This is part of our continuing Timeless series in which we examine the lives of hunky Hollywood stars who died too young. The faces of their youth are etched in our memories. We take throwback Thursday to a bygone era and offer up delicious tequila for $5 at the bar.
Montgomery Clift had the most earnest of faces: big, pleading eyes, a set jaw, and the sort of immaculate side part we haven’t seen since. He played the desperate, the drunken and the deceived; the trajectory of his life was as tragic as that in any of his films.
A car crash in the prime of his career left him in constant pain, and he drank himself to an early death, creating an aesthetic of suffering that has guided the way we think about him today. But for 12 years, he set Hollywood aflame.
From the start, Monty was framed as a rebel and an individual. When he first arrived in Hollywood, he didn’t sign a contract, waiting until after the success of his first two films to negotiate a three-picture deal with Paramount.
Clift’s private life was boring—so the fan magazines got creative: the August 1949 cover of Movieland, for example, featured a grinning, suited, respectable-looking Clift paired with the tantalizing headline “Making Love the Clift Way.” But when readers looked inside the magazine, all they found was a two-page spread of stills from The Heiress, featuring Clift in various stages of flirtation with Olivia de Havilland, extrapolating that Clift’s kissing style was “soft yet possessively brutal; pleading, but demanding all. . . .”
He kept his personal life private because he was gay. The revelation of his sexuality did not emerge until the 70s, when two high-profile biographers, one endorsed by his close confidants, revealed as much, rendering him a gay icon within the span of two years.
His film debut was Red River with John Wayne quickly followed by his early personal success The Search. Monty was arrested for soliciting a young male hustler shortly after being nominated in 1949 for his performace in the film The Search; his lawyers hushed up the incident. By 1950 he was troubled with allergies and colitis (the army had rejected him in WWII for chronic diarrhea) and, along with pill problems he was alcoholic.
He spent a great deal of time and money on psychiatry. The release of Red River made him an overnight sensation and instant star. He embodied a new type of man on screen, the beautiful, sensual and vulnerable man that seemed to appeal to women and men alike. After A Place in the Sun came out - he was Hollywood's hottest male star and adored by millions. He looked incredible and he was a fine actor, a rare combination. In 1956 during filming of Raintree County he ran his car into a tree after leaving a party at Elizabeth Taylor's; it was she who saved him from choking by pulling out two teeth lodged in his throat.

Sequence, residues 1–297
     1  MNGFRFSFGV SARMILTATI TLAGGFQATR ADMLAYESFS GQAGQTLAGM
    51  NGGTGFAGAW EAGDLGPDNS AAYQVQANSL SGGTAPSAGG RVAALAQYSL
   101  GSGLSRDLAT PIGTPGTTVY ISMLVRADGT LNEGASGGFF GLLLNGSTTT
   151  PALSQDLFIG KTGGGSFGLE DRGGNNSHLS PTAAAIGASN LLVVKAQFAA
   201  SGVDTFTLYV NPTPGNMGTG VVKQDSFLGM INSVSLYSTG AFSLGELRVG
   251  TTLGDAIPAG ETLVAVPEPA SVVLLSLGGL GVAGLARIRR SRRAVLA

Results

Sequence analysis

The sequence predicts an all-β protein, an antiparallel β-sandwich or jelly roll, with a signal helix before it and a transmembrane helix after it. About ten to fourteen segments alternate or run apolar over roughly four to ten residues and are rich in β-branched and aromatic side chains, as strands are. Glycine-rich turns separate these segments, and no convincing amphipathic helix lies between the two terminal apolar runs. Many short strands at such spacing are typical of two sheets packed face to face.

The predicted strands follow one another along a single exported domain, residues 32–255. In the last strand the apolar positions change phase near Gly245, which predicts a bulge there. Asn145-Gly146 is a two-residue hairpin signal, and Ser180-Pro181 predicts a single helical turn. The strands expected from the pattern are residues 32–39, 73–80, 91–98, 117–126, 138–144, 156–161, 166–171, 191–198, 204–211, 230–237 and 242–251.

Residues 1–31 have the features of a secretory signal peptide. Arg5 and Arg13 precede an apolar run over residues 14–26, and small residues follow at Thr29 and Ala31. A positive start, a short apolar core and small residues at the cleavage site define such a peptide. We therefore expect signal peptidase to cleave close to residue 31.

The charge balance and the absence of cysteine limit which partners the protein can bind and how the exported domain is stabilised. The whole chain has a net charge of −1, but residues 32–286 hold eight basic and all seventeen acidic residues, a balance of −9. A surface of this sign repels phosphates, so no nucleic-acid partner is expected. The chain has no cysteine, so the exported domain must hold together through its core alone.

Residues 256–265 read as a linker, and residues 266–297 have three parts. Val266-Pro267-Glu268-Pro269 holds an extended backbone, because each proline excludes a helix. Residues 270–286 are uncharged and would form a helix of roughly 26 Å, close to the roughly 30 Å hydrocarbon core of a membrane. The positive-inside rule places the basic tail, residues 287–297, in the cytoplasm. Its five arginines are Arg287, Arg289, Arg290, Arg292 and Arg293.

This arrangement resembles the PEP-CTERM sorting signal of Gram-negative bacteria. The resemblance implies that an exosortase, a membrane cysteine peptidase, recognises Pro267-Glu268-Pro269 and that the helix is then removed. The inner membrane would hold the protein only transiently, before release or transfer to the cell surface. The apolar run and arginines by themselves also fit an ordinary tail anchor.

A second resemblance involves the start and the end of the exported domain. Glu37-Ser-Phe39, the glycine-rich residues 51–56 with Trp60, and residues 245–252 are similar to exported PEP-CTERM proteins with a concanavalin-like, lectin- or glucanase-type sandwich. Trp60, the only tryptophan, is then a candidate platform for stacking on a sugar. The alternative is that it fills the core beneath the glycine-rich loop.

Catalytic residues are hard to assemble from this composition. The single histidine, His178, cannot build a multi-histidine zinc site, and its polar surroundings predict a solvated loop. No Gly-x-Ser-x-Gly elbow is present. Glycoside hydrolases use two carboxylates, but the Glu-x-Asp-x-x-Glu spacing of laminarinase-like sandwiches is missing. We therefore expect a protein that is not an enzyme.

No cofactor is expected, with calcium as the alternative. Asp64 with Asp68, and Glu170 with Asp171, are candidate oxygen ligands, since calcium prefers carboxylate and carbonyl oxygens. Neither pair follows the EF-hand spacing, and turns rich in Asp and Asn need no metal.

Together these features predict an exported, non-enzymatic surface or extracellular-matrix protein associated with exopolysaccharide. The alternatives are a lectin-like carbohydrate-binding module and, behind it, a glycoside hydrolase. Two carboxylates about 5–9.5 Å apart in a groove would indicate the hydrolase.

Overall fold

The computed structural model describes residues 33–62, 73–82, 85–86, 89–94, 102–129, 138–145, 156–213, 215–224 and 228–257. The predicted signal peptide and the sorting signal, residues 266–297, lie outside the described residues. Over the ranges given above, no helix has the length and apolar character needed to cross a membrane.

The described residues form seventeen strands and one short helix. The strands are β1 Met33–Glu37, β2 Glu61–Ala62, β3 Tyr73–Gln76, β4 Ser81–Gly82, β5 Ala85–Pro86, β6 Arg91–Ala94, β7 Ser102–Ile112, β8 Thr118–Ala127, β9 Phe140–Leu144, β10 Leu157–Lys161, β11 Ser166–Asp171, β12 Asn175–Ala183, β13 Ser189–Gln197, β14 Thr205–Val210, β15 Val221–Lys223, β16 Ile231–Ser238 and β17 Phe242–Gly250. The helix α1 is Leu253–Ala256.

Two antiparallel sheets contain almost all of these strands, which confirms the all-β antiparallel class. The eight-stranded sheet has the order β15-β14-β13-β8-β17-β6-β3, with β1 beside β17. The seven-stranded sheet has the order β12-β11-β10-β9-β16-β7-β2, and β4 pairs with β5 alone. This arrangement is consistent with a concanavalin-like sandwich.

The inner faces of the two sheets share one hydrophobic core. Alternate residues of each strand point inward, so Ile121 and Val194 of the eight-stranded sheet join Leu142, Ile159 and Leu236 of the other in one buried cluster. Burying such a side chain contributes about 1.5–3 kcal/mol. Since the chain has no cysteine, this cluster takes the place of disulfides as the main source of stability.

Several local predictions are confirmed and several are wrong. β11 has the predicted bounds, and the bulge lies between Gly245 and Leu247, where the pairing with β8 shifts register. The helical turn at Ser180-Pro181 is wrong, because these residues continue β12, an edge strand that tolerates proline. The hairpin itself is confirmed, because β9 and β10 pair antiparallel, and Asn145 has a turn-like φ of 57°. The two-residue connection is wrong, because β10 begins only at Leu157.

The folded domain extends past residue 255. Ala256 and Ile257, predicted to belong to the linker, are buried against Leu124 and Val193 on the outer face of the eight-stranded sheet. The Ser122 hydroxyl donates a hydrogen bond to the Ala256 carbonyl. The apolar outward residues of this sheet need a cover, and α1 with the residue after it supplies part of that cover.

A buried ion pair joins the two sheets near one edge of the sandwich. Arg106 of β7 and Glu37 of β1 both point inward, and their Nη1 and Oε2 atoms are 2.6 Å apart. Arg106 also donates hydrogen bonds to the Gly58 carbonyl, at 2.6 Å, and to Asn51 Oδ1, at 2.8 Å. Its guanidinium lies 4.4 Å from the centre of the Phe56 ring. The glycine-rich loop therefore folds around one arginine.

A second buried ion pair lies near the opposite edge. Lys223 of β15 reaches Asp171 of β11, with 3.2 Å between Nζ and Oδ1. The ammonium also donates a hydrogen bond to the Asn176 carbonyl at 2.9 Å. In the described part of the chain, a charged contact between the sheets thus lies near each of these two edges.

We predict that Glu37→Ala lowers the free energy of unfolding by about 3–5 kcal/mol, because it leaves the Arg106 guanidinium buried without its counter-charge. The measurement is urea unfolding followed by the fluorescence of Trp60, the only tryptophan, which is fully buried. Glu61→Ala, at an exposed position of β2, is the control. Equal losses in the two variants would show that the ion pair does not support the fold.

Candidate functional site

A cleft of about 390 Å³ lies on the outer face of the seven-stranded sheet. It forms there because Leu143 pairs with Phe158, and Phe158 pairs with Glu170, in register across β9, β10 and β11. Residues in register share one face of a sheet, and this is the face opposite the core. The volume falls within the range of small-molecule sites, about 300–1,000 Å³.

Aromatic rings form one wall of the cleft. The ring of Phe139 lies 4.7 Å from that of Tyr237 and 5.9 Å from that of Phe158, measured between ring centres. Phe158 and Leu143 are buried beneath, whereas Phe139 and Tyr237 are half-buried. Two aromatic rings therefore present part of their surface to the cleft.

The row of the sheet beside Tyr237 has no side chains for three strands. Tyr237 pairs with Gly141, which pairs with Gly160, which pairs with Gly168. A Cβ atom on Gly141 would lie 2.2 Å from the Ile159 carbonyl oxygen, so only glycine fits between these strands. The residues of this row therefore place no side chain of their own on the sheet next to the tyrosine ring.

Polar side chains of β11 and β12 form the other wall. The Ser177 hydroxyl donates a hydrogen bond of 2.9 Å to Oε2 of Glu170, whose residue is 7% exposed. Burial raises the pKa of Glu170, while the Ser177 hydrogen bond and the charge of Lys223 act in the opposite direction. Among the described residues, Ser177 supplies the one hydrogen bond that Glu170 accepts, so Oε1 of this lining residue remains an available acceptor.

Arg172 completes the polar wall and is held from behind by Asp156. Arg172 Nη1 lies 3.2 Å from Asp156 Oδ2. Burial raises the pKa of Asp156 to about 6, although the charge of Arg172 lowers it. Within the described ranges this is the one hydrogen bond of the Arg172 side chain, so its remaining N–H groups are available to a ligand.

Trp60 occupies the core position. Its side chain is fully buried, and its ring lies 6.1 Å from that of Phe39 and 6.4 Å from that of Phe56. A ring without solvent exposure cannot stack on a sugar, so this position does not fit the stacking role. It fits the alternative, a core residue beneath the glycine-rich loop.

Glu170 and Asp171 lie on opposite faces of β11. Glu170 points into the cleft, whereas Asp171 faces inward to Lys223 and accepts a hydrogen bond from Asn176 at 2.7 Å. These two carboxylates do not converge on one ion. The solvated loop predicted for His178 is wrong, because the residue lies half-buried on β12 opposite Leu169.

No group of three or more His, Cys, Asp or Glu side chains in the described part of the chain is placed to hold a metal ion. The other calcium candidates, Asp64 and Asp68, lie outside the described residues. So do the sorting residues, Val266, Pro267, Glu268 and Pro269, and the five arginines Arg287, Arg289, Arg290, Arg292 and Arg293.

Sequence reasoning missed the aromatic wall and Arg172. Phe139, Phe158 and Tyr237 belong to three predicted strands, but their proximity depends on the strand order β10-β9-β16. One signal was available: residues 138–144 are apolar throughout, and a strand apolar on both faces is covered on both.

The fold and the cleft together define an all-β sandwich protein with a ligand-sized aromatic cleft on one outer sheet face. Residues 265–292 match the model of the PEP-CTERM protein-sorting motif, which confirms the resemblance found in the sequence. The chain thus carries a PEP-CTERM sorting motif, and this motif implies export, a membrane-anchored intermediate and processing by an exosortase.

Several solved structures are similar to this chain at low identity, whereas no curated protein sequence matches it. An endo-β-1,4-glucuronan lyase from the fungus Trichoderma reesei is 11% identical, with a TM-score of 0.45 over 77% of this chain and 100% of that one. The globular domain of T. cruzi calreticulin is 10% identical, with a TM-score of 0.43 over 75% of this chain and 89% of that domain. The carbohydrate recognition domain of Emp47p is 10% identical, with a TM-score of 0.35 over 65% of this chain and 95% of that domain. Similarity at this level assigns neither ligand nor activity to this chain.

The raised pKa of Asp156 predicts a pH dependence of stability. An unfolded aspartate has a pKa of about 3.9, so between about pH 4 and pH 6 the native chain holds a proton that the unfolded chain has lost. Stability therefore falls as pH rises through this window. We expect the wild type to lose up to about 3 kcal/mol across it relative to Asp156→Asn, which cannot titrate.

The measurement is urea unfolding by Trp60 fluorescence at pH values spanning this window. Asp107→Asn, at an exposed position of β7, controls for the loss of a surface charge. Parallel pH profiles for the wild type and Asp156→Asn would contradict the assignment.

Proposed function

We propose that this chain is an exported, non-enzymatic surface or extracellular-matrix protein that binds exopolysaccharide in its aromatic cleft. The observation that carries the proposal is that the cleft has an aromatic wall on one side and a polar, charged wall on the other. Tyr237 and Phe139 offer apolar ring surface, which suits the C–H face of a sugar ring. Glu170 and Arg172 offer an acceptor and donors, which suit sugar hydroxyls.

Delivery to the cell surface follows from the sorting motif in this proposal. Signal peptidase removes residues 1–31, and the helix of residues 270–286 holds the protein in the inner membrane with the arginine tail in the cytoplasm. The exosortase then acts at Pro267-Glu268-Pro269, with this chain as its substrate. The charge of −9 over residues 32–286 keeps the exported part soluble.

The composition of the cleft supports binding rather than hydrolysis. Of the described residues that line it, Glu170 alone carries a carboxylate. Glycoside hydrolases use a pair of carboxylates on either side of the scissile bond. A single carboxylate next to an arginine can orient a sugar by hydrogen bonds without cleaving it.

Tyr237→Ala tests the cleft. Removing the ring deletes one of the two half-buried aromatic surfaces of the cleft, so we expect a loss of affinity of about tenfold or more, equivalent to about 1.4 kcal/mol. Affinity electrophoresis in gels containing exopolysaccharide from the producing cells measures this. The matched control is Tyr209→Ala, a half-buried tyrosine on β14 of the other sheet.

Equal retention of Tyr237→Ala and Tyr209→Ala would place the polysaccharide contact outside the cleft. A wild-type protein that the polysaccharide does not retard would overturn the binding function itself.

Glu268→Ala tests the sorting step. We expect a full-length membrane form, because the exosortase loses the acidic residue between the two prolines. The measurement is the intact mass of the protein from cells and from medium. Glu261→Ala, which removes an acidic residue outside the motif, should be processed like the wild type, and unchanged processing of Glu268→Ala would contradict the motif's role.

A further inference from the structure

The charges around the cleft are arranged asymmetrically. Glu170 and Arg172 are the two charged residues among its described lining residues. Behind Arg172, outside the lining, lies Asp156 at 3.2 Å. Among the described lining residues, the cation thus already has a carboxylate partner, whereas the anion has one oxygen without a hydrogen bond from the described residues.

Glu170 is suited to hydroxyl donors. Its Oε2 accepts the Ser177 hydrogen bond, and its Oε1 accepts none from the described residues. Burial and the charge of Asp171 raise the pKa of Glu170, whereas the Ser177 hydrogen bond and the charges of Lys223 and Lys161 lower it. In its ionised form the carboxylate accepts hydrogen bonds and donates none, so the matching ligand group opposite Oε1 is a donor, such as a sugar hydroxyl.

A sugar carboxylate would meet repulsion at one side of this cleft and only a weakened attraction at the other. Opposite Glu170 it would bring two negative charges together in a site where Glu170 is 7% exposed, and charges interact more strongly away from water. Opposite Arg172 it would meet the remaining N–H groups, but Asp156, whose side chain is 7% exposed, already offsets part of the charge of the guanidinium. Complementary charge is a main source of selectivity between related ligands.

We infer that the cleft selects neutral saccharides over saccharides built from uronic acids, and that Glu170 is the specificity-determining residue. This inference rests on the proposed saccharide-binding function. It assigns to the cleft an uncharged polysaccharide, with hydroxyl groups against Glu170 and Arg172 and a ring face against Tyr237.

His smashed face was rebuilt, but he continued bedeviled by dependency on drugs and guilt over homosexuality. The surgery limited his range of expression and hurt his self-esteem. Subsequently, Clift took mostly unglamourous roles, only worsening his damaged public image.
A lawsuit with Universal Pictures and growing addictions forced him into a four-year retirement in 1962. In his final years, Clift plunged more deeply into drug and alcohol abuse and wild sexual behavior. He was considered unreliable by studio bosses.
Monty managed to slowly develop a more sensible lifestyle back in his New York brownstone, and he was set to play in Taylor's Reflections in a Golden Eye, when his companion Lorenzo James found him lying nude on top of his bed, dead from what the autopsy called "occlusive coronary artery disease". It was 1966 he was 45 years old.
Many Hollywood stars have committed versions of the long suicide. Biographies of Montgomery Clift posit that he drank because he couldn’t be his true self, because homosexuality was the shame he had to shelter within. But if you look at his own words, his testimonies about what acting did to him, you’ll see the culprit. His perpetual question to himself, as he once scribbled in his journal, was, “How to remain thin-skinned, vulnerable, and still alive?” For Monty, the task proved impossible. He once said, “The closer we come to the negative, to death, the more we blossom.” He took himself to that precipice, but he fell straight in.
He was never one of Elizabeth Taylor's husbands, but was one of her best friends. She called him the love of her life. An upcoming biopic about Montgomery Clift will star the handsome Matt Bomer in the leading role.